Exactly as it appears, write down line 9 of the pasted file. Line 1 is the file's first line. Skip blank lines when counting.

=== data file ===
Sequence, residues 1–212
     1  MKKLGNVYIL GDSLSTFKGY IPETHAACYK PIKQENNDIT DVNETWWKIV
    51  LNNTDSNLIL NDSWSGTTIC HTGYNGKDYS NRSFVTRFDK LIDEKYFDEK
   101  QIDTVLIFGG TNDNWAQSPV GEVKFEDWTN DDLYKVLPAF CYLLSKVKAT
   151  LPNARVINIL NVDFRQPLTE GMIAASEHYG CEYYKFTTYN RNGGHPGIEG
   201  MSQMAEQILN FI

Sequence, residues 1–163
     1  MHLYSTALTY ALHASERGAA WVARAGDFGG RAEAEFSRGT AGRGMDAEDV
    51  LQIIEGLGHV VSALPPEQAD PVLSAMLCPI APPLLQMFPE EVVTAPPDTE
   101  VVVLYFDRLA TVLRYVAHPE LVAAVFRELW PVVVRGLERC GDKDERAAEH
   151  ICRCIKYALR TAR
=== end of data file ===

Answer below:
    51  LQIIEGLGHV VSALPPEQAD PVLSAMLCPI APPLLQMFPE EVVTAPPDTE